What the Bible actually says about apostasy: Introduction

by Jay Guin

If you think about it, it’s astonishing how far apart the conservative and progressive positions are given how much we agree on. We agree —

  • That Christians must be penitent and obedient.
  • That Christians who are insufficiently penitent or obedient can lose their salvation.

The question on which we disagree is just how penitent/obedient must a Christian be to stay saved? The conservative position remains — after months of blogging — inconsistently defined, but evidently a Christian is lost just as soon as he sins — morally or doctrinally — until he repents by admitting the sinfulness of that conduct and no longer being guilty of that conduct (subject to whatever degree of patience God extends to that Christian).

However, it also appears that a Christian remains saved, by grace, so long as he is walking in the light — which allows for some error due to moral or doctrinal weakness, which error hasn’t been defined for us.

Rather that battling back and forth over proof texts, we thought it would be more helpful to trace how this very question is answered by three different authors —John, the author of Hebrews, and Paul. You see, the question of apostasy is a major theme in the New Testament, and so we are able to cite entire epistles in support of our understanding.

For those new to this discussion, our view is —

There are three ways a saved person can fall away –

  • A Christian falls away when he no longer has faith. “Faith” means faith in Jesus.
  • A Christian falls away when he is no longer penitent. Equivalently, a Christian falls away when he no longer submits to Jesus as Lord. Equivalently, a Christian falls away when he willfully continues to sin.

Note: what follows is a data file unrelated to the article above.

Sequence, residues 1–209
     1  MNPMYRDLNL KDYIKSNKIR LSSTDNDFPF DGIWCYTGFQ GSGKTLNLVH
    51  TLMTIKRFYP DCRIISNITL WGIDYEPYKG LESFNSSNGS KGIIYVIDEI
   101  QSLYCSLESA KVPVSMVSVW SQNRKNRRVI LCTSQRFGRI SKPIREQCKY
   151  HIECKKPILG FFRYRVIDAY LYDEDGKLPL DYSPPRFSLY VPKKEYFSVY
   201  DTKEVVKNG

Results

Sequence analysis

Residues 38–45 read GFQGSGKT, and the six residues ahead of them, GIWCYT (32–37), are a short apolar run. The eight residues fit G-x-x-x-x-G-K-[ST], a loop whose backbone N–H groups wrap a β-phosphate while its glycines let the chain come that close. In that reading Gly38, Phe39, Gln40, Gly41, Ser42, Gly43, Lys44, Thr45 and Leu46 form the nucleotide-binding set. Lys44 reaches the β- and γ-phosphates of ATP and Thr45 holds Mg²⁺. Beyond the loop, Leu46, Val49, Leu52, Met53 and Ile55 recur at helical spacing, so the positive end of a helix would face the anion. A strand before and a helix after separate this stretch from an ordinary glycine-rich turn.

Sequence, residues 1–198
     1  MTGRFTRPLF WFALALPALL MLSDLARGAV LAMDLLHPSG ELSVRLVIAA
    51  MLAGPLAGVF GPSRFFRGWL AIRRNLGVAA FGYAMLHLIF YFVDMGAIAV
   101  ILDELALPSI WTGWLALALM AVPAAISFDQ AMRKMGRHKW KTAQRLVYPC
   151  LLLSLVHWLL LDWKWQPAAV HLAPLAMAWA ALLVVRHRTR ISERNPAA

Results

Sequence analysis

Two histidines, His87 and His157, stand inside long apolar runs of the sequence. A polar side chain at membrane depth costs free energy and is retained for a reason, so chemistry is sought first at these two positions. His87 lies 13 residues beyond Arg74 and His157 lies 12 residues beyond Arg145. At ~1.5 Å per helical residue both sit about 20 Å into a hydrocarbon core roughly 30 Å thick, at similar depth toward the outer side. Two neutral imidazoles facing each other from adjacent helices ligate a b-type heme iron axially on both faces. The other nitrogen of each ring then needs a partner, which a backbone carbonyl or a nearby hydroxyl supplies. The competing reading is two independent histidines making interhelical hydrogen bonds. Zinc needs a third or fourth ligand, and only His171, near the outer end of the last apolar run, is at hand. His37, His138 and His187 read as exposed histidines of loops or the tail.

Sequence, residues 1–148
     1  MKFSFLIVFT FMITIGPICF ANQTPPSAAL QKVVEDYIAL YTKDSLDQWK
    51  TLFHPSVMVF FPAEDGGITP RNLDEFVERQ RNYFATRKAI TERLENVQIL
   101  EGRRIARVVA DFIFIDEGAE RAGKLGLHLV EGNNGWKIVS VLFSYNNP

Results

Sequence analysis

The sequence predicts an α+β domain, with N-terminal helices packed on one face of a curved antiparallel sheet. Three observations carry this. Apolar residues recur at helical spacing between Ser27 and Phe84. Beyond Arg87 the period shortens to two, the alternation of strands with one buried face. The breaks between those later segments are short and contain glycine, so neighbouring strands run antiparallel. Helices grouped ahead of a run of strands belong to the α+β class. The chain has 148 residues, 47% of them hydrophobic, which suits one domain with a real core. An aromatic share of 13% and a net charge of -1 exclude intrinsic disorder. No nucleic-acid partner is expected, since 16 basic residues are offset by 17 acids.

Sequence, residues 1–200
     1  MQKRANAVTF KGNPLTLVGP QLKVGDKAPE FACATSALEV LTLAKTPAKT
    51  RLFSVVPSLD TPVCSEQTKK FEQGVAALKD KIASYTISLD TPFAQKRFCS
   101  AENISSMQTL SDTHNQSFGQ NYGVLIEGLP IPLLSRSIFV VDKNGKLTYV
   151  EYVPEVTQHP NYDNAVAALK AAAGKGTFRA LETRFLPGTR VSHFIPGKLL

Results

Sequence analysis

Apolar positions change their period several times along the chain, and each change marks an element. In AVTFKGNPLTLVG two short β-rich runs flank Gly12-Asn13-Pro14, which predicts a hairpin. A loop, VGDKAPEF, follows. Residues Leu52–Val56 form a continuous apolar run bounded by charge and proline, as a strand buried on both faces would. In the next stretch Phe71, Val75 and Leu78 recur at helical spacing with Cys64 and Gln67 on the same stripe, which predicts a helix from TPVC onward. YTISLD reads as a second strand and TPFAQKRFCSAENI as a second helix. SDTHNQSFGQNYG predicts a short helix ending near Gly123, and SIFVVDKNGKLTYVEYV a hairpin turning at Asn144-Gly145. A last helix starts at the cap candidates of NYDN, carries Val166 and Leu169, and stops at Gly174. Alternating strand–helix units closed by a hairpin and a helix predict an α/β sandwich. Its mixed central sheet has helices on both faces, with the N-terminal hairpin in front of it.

• A Christian falls away when he seeks to be justified other than by faith in Jesus.

The arguments that contradict the positions taken by Greg, Phil, and Mac are found coursing throughout the New Testament. We could cite far more proof than we will. Hopefully, 1 John, Hebrews, and Romans will be sufficient authority for our position.

And as we work through the texts, our position will be fleshed out. However, at this point, we aren’t addressing the third bullet — solely because it wouldn’t be fair to pile even more arguments on top of Mac and Phil at this time.

But the fact that we aren’t addressing the third bullet means that there will be some questions not yet answered — particularly when it comes to our understanding of Galatians and many of the passages on factionalism.

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3 Comments on “What the Bible actually says about apostasy: Introduction”

  1. Royce Ogle Says:

    Bullet three…”A Christian falls away when he seeks to be justified other than by faith in Jesus.”

    Wouldn’t this include many of our so called “conservative” friends?

    Maybe you don’t include “staying justified” by some other way…

    Royce

  2. Randall Says:

    “That Christians who are insufficiently penitent or obedient can lose their salvation.” is stated as a point that all y’all agree on.

    I am wondering which ones claim they are sufficiently penitent and obedient? I assure you that I do not measure up. I wonder whether there has been even one day in my life during which I was sufficiently obedient. And as Robert Murray McCheyne stated “even in the tears of my repentance I find myself sinning.” Are CofC folks any better?


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